The Jackbox Party Pack 2 Review
Last week saw the release of not one but two The Jackbox Party Pack games on Nintendo Switch, letting owners of the system catch up ready for number four later this year. The first still remains a worthwhile venture, as you can read in my review. But, how does the second one fare?
Just like the releases that followed and preceded, The Jackbox Party Pack 2 bundles five party-style games again all played using your smartphone, tablet or computer. This time around though, we’re treated to four brand new ideas and one returning concept, that, unfortunately, make for a much more uneven package overall.
Fibbage 2 is one of the strongest inclusions here, but the sequel doesn’t exactly stray very far from its original blueprint. Why change a winning formula after all? Much like the previous game, you’re still trying to fill in the blanks of random facts in the hope of tricking your opponents.
As you’d expect, the truths are just as surprising and silly as the last game with the most unlikely of answers sometimes being the correct one. Everything from the structure to the scoring is handled in pretty much the same way as the original, and although it may be a safe inclusion in the pack it certainly remains a particularly fun one. And yes, Cookie Masterson makes a return as host, too.
Quiplash is the first of the new bunch and easily ranks among the best that Jackbox Games has produced. Whereas the likes of Fibbage and Drawful rely on your ability to produce convincing answers, here you’ll need to simply tap into your funny side. Rounds begin with each player receiving two random prompts to their device to then respond to -“A terrible name for a cruise ship,” for example. Your answers can then be just as simple, complex or insane as you wish. They can even be as offensive as you want.
After every submission has been received your responses will go head to head with another player where the group will then vote on their favourite. As you can imagine, the real goal here is in knowing your audience. I found playing with my family, the answers I gave that steered away from crude won far more votes whereas playing with my mates meant a change in strategy. The more ridiculous the better.
Quiplash has offered some of the biggest laughs of any game that I have ever played and is only limited by the imagination (or twisted sense of humour) of the group that you are playing with.
Now, I’d argue that these two games are reason enough to pick up this package alone… if it weren’t for the fact that they have seen improved sequels in future editions. In The Jackbox Party Pack 3, Quiplash 2 adds user-created prompts, therefore, extending its lifespan to practically infinite, while later this year Fibbage 3 will include facts about your group of players – a cool twist on the formula.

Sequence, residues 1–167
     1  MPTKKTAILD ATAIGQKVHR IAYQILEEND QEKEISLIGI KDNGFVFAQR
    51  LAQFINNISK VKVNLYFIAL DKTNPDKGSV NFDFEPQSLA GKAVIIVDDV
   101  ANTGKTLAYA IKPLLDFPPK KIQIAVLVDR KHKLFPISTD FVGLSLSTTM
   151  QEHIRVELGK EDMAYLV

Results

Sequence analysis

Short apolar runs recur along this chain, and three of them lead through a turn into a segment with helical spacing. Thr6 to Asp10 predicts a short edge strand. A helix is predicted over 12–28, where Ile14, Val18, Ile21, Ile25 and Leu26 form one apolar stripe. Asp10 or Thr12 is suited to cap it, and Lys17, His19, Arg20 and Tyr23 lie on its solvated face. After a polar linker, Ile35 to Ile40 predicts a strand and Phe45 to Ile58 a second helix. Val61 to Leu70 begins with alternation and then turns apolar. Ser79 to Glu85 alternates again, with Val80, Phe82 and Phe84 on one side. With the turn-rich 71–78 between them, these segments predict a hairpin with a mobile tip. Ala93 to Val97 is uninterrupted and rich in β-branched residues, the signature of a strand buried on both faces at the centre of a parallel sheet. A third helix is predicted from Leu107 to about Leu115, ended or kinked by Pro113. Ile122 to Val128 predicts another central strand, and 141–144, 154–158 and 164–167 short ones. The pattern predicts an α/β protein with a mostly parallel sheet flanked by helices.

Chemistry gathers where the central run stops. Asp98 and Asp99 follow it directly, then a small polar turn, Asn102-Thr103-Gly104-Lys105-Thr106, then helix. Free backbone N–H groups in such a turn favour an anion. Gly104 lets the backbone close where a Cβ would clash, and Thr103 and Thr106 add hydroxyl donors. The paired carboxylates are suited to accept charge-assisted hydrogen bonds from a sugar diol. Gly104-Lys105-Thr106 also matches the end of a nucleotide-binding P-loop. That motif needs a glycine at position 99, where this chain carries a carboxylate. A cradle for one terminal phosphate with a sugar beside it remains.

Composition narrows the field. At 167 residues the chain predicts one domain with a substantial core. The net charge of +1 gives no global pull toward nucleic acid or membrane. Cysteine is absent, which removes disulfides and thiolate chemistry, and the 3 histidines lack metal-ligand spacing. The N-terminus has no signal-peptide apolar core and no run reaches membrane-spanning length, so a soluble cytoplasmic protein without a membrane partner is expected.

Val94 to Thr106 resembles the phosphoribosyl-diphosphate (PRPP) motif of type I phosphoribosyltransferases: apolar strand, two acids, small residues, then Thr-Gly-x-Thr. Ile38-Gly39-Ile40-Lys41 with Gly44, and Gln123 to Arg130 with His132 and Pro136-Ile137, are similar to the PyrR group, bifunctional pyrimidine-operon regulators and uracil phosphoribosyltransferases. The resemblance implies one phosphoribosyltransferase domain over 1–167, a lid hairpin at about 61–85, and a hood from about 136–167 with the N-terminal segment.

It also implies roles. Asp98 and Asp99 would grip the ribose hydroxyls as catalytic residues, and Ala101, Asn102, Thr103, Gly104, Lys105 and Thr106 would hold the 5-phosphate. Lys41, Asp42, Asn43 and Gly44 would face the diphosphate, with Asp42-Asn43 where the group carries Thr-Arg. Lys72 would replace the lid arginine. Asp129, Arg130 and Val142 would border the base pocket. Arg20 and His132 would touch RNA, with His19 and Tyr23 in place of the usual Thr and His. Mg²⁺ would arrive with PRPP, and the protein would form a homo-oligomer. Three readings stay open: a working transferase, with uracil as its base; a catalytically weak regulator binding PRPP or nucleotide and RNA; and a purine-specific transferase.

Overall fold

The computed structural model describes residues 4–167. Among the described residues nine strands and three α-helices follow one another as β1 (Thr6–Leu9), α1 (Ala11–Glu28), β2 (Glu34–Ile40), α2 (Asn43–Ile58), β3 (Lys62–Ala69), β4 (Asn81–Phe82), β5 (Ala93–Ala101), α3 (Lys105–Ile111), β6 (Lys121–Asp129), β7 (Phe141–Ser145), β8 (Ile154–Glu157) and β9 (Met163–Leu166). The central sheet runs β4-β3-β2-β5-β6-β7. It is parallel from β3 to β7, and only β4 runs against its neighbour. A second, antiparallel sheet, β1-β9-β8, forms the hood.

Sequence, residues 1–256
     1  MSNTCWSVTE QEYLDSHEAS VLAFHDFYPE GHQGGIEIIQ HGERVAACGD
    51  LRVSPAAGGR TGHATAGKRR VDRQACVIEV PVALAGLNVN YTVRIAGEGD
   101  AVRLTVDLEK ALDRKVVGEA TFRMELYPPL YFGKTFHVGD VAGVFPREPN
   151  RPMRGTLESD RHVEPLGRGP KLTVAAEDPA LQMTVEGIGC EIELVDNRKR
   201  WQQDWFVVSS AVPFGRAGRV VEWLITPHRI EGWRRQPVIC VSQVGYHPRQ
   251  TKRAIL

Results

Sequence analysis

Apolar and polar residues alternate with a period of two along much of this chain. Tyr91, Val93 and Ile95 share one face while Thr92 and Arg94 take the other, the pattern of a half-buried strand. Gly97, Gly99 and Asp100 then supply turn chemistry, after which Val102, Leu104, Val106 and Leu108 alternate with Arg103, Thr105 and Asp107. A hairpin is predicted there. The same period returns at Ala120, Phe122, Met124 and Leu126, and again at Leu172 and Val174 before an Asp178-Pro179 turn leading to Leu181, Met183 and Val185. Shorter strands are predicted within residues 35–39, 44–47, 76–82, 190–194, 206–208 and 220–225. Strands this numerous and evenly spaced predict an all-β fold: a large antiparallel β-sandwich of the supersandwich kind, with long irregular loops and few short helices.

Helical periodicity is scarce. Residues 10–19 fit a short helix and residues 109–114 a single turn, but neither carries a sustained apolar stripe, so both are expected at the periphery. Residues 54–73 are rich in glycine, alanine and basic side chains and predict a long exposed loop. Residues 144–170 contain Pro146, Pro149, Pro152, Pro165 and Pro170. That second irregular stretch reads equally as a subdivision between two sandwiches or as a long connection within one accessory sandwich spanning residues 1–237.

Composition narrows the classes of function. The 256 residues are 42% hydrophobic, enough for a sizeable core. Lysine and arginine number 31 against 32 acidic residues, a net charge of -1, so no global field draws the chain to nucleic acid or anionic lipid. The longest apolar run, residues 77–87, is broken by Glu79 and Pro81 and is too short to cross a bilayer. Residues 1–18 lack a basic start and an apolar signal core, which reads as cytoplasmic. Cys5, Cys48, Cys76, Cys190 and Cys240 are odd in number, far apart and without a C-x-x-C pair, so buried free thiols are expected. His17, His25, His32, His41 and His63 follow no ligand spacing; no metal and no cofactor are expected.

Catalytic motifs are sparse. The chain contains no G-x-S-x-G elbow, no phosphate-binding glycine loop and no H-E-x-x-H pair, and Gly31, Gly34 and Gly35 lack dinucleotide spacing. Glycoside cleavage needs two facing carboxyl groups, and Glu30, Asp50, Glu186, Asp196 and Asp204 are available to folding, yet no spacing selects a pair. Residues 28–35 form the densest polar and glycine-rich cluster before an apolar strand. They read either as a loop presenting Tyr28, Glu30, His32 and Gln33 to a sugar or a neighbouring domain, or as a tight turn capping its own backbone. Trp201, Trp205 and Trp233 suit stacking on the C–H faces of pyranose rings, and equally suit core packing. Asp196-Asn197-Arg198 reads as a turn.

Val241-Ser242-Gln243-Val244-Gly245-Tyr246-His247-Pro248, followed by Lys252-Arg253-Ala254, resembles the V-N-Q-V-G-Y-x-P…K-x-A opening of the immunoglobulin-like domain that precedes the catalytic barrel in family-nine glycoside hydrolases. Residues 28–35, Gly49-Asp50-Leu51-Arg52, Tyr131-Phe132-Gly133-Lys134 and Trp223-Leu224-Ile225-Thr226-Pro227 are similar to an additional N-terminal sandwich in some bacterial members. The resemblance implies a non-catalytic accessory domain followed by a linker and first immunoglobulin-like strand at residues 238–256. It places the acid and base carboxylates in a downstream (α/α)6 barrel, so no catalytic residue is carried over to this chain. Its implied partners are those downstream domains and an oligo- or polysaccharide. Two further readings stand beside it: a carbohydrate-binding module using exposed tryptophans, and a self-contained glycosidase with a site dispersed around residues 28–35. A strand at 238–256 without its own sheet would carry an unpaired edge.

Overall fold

The third game, Earwax, is one of the weaker attempts. Players one by one each take on the role of a judge who chooses the winner for a single round. After the judge chooses a prompt, players then select two random sounds that they think link well with it – anything from a golf ball landing in water to a gasp or laugh. Not to say that there is zero fun to be had here, but the restriction of picking from a small handful of sounds definitely hinders how creative you can be. Unlike Fibbage or Quiplash, the laughs were lesser and shorter for sure.
And then there’s Bomb Corp., an interesting idea that focuses on the teamwork between up to four people rather than competitive play – the aim being to correctly defuse bombs, or later organise exploding file cabinets and so on. Each member of your squad receives a page of information key to defusing a bomb, things like “cut every red wire” or “do not cut the third wire.” It seems simple enough.
However, as you progress things get tougher with pages often contradicting other pages. While mine might tell me to cut all red wires, a friend’s might warn against snipping the third wire that also happens to be red. As you can imagine, communication is key and, as you may also predict, this can often spiral into shouting and yelling. Bomb Corp. is a neat idea, but one that can frustrate especially as the difficulty ramps up with one false move meaning going back to the beginning for your team.
The last new addition is Bidiots, a drawing and auction hybrid that proves more trouble than its payoff is worth. Everyone first draws two “works of art” before being given an allowance to spend on actually bidding later in the game. Every player is also given different clues as to which artworks are more valuable and worth going for. The more your work sells for the better and, likewise, if you underpay for an expensive piece. The winner is the person to accumulate the most cash by the time all paintings have been sold. There is a slim amount of strategy to be found here, but unfortunately, it happens to be buried upon layers of confusion and convolution.
While I’d happily recommend can read in my review that also released on Nintendo Switch this past week, its sequel is a tougher sell in that it has five uneven offerings. The clear standouts here are Quiplash and Fibbage 2, both of which still hold a ton of enjoyment. However, they have also seen improved and expanded sequels that have been released since. Bottom line, now that all three compilations are on the Nintendo Switch, you are better off going for the first or third to see the best that the series has to offer.